When it comes to global currency warfare, one can read countless books (all of which professing to be the definitive reference guide for a process that started in the… 1930s), or one can fast forward, save lots of time, skip all the repetitive verbiage and simply observe the following charts which summarize the key things “one needs to know” about the dead-end that the globalized monetary system has found itself in since 2008, when the entire world decided that the only way to “fix” all of the world’s problems is simply to print a countless amount of paper money.
What Is A Currency War?
What’s Actually Strong/Weak?
Who Uses What Currency Tools? (click image for full-size legible chart)
And Just How Big Are The Interventions?
Not all currencies can depreciate at the same time. At least one currency has to appreciate if all others depreciate. But everyone is trying it – as global rates have the lowest standard deviation on record (i.e. everyone is lowering rates and keeping them there).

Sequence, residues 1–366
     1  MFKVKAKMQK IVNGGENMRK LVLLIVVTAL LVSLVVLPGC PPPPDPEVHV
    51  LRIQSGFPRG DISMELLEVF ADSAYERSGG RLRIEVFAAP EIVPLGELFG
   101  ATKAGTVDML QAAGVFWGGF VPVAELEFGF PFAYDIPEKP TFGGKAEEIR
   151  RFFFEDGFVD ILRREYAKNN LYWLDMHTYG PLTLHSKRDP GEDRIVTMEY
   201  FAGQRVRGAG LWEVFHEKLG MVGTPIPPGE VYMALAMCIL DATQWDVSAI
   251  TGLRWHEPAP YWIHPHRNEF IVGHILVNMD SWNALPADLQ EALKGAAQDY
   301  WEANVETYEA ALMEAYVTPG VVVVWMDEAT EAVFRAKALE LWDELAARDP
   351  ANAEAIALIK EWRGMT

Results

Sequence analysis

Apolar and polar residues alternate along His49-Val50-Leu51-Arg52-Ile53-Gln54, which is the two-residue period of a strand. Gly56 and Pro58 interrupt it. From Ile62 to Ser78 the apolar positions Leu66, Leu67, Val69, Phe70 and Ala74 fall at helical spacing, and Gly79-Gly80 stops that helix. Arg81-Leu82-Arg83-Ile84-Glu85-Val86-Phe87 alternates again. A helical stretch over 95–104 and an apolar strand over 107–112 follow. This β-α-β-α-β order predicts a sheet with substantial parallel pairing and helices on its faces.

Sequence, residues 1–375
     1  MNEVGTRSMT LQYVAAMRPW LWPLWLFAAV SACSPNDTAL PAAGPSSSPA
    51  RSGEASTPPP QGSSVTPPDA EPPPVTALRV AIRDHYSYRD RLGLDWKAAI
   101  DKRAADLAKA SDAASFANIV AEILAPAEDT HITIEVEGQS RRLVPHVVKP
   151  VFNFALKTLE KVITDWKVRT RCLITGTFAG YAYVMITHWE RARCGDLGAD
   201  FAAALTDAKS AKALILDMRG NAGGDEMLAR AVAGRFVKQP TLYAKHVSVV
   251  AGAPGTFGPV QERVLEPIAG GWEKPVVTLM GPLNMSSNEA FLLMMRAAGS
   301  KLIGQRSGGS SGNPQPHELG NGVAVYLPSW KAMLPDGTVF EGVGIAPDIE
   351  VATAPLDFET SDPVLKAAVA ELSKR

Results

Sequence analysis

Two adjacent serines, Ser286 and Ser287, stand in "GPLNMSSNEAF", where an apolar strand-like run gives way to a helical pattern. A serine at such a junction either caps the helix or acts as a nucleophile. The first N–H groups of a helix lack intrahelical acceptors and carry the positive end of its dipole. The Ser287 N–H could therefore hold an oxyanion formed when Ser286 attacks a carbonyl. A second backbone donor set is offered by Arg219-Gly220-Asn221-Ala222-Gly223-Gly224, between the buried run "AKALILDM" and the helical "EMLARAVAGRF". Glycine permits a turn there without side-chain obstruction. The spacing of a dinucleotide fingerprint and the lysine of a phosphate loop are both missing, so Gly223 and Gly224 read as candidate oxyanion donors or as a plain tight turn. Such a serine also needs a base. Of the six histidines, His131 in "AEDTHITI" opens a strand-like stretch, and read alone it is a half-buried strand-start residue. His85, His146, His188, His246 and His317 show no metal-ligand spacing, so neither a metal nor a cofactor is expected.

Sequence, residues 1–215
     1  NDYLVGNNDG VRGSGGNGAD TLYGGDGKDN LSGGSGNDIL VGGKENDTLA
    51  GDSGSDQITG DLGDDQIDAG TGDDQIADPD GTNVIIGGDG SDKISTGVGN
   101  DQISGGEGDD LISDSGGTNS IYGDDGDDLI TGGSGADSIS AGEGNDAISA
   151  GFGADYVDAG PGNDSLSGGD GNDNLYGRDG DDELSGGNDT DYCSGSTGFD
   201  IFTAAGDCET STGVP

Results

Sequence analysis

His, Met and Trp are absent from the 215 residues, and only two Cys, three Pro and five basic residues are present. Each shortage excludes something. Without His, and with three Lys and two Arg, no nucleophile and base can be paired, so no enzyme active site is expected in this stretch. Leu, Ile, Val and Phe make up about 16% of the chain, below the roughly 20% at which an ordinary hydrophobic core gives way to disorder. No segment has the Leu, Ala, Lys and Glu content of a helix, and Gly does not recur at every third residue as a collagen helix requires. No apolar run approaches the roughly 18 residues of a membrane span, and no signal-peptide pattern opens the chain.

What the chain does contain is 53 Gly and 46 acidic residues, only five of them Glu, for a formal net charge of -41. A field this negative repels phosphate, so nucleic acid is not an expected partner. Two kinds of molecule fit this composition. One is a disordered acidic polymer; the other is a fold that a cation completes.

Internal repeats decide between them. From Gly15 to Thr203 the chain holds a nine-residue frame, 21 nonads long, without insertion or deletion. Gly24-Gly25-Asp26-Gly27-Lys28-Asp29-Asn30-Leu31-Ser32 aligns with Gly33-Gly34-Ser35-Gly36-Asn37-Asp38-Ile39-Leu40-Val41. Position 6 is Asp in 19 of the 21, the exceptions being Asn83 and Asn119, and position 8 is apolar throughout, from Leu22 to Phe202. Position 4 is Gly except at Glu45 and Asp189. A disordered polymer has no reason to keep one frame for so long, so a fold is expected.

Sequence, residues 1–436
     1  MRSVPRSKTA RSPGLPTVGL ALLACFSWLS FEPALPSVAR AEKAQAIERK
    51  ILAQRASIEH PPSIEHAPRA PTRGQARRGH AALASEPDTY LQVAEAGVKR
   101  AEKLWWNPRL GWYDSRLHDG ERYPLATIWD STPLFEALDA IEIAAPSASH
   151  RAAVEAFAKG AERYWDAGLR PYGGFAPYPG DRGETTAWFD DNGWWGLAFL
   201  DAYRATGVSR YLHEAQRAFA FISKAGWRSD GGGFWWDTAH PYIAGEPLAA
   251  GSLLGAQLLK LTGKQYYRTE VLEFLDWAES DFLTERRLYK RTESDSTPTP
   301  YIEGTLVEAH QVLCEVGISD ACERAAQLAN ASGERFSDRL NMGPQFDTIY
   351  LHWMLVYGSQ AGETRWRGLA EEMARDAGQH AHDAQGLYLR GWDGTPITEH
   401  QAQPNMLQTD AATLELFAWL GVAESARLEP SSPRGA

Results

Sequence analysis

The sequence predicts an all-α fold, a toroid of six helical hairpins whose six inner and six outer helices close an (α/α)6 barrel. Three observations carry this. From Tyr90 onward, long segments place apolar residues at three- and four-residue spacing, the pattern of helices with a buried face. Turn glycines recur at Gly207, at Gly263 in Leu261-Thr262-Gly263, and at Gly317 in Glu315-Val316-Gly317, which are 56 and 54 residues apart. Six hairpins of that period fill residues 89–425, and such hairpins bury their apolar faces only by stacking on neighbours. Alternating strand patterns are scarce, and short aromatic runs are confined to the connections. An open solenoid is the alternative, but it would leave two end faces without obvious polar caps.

On a global scale, competitive devaluations are therefore impossible and may even pose a risk of escalation towards protectionism.
Maintaining a non-cooperative equilibrium is a challenging exercise. Not only will every individual partly have to constantly monitor what everyone else is doing, but in addition, there is a constant risk of escalation into protectionist policies. Trade disputes are already on the rise. The number of WTO dispute cases in 2012 was the highest in 10 years.
Finally, the extensive use of macro prudential policies and capital controls as observed in recent years poses the longer-term risk of misallocation of resources.
Source: Goldman Sachs